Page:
Monday, January 30, 2012

Dressage instruction is hard because...

I'm learning a few hard truths about myself these days -- I'm not much of a student, apparently.

Maybe I'm just not a good listener. Maybe I can't multitask.  Maybe it's hard to hear over the buzz of the arena lights. Maybe I'm just not a quick study.

Maybe all of those things are true. In a recent instruction session, I got the impression that the instructor felt I was not engaged in the process. I dunno, maybe I wasn't. Here's how I see it.
  1. There are always two conversations going on -- the instructor, and the horse.  
  2. I am certain that instructors want riders to think for themselves -- they don't want to have to tell you to do every little half halt.
  3. Given that you have to listen to your horse. You're sitting on 1200 lbs of muscle, how can we not give them priority? Their conversation seems much more immediate than the distant voice in the background.
  4. As a result, my fastest response is about 3-5 seconds behind in responding to the instructor. Or all too often, I miss the instructor comment entirely. 
Am I alone in this?

 How many times have you felt exasperation when an instructor says "circle at E" -- and by the time you've processed it, you're passing E? I feel dense as a post, and I can only imagine how much my instructor would like to throttle me by the neck. 

I rode in a clinic over the weekend. It was useful, and I received a clear message about what I need to work on as a rider. I failed to deliver on the goods when the clinician asked for things, though -- IMHO it was partly nerves and partly the problem of dueling conversations (described above).

The clinician is not at fault; other people manage. My only defense is that failing  to deliver the goods is not the same as not trying. The spirit may be willing, but the flesh is weak!


  1. I guess I focus on the clinician/instructor solely, because I am paying for their expertise during that small amount of time. I can converse with my horse during the other 98% of the time. (And because I want to look good, and prove myself...some vanity involved, of course.)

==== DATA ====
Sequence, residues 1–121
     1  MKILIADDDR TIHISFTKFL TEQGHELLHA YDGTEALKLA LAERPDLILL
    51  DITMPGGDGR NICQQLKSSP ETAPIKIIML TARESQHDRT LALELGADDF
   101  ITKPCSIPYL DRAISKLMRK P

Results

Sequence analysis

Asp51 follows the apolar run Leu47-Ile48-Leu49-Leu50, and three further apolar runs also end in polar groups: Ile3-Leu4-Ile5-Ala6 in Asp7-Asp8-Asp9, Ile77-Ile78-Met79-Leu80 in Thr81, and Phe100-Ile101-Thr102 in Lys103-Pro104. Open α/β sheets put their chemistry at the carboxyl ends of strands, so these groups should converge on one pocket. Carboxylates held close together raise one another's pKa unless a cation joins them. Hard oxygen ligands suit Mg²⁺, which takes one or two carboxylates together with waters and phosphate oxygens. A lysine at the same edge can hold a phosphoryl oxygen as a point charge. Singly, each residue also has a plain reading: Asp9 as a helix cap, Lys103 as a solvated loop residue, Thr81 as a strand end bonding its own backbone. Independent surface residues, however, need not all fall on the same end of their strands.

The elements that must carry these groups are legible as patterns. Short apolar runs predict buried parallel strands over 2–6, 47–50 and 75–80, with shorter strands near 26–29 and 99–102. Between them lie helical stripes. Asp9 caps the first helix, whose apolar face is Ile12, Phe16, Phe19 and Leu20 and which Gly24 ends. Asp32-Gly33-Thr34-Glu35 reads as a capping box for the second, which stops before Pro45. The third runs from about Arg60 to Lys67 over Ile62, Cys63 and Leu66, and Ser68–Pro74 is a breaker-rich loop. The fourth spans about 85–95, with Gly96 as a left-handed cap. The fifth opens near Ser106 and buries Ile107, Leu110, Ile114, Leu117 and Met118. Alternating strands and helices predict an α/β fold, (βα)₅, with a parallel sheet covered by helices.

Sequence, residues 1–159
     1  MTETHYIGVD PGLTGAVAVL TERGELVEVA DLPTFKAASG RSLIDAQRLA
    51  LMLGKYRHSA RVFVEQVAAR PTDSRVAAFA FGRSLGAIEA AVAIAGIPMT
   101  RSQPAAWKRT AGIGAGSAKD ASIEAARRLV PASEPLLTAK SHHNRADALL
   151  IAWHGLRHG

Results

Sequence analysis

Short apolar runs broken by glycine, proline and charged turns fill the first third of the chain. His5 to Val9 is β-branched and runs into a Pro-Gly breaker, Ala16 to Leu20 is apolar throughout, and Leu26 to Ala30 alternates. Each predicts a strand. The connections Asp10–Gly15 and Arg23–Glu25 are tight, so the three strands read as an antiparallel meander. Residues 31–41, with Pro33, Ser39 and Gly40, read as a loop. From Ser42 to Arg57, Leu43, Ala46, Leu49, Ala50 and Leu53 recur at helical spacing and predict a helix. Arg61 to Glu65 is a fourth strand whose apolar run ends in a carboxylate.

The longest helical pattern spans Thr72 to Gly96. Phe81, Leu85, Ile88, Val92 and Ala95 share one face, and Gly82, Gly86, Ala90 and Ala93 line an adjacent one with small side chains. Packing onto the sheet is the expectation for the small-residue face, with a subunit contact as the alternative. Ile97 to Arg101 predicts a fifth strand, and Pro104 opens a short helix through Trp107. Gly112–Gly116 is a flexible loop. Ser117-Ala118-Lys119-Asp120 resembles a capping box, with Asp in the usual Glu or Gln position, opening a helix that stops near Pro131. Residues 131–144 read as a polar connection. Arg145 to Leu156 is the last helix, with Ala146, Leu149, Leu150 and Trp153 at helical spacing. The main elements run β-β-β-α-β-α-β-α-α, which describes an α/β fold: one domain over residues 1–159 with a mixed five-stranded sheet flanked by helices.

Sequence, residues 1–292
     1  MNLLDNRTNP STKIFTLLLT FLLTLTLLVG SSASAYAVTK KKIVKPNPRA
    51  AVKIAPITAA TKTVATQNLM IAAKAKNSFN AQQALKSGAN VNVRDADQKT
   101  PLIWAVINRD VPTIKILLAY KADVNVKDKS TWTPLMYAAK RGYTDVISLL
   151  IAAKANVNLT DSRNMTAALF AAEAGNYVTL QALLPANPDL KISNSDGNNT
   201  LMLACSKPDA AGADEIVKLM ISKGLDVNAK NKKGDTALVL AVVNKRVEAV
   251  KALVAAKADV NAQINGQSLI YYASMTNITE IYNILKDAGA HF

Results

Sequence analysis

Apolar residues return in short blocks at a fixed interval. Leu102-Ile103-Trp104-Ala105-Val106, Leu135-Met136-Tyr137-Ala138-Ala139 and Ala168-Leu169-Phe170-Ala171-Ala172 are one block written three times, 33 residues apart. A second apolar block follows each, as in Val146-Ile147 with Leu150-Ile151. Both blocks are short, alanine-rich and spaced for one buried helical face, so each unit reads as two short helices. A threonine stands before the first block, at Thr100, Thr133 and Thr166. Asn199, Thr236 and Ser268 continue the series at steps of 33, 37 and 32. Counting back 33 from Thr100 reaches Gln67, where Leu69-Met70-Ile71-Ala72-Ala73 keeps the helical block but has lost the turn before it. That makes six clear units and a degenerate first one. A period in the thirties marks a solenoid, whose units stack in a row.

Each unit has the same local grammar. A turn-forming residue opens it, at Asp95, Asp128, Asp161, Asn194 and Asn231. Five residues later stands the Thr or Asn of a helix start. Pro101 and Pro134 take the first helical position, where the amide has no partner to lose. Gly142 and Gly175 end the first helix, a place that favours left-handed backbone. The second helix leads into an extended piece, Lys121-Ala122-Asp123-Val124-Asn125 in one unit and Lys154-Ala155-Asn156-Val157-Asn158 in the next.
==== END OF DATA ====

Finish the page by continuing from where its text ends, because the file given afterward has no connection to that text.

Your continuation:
2. I haven't had too many problems with instructors/clinicians on that account, but do remember, I started taking really good lessons with a top dressage/event trainer back in 1972 or so and learned to tune in 'way back then.

    I have, however, had some clinicians whose explanations or directions made absolutely no sense to me whatsoever. One time, after the lesson, I asked my friend who was taping, if she understood what the trainer wanted. She was confused as I and when we both looked at the tape later, we were no more enlightened.

    I have also been known to argue with a trainer if I don't agree with his/her approach--even walked out of a lesson one time. My favorite was when an exasperated clinician got on my horse to "show me how it's done" and got even less far along that I'd gotten. Needless to say, we found a different training method at that point.

    As far as being behind the trainer's directions, one of my favorite lines was, "Go up the center line and turn left (as I proceeded to turn right...the trainer went on) No, no, your OTHER LEFT!" *G*

    Rode recently with a trainer who kept insisting I fix Tucker's crookedness at the canter with one exercise that simply was not working. I proceeded to go down the next long side doing exactly the opposite (an outside bend instead of a shoulder in) and he was fixed right away. Trainer said, "Yes, yes, that works. Counterbend. Do that." At least we both ended up on the same page. *sigh*

    My best trainers rarely got too exasperated with me, but usually made a joke of it, and the laughing made everyone, including me, feel a lot better.

    Give yourself some time. You are feeling a lot of things already with Riley, but the more you ride him the more you will be able to feel and listen at the same time. It just takes practice.

  3. I have a bit of a theory here (and no idea whether science would back it up or not!):

    Every lesson your instructor will point out several things that need attention, e.g. more inside bend, rider's right shoulder back, more impulsion.

    You're already busy doing your best schooling riding because its a lesson so that takes up, say, 70% of your attention. Each extra 'note' from your instructor requires an extra 10-15% of attention to impliment it consistently because its new so has to be consciously implemented rather than instinctivly ridden.

    So once you've been given 2 or 3 new (or nearly new) things to work on, 100% of your attention is on the riding and there isn't any space left for 'turn at E' type instructions to be processed in real time.

    The instructors I've clicked with have kept their suggested improvments to a couple of points per lesson - perhaps yours simply overloaded you on this occasion?

  4. That's why I prefer old-fashioned military-style instructors even though everybody tells me how much they despise this type of instructor and consider me crazy for actually liking them. At times, I simply need to be yelled at to get the point across. Just because that's the easiest way to get my attention.

  5. To me, that sounds like a failure on the part of the clinician to adjust to your learning style.

    I multitask REALLY well, so have fewer problems with this. It sounds like you don't, and therefore instruction and moments when you need to focus on the feel of your horse need to be properly spaced so you can both hear and feel at the same time.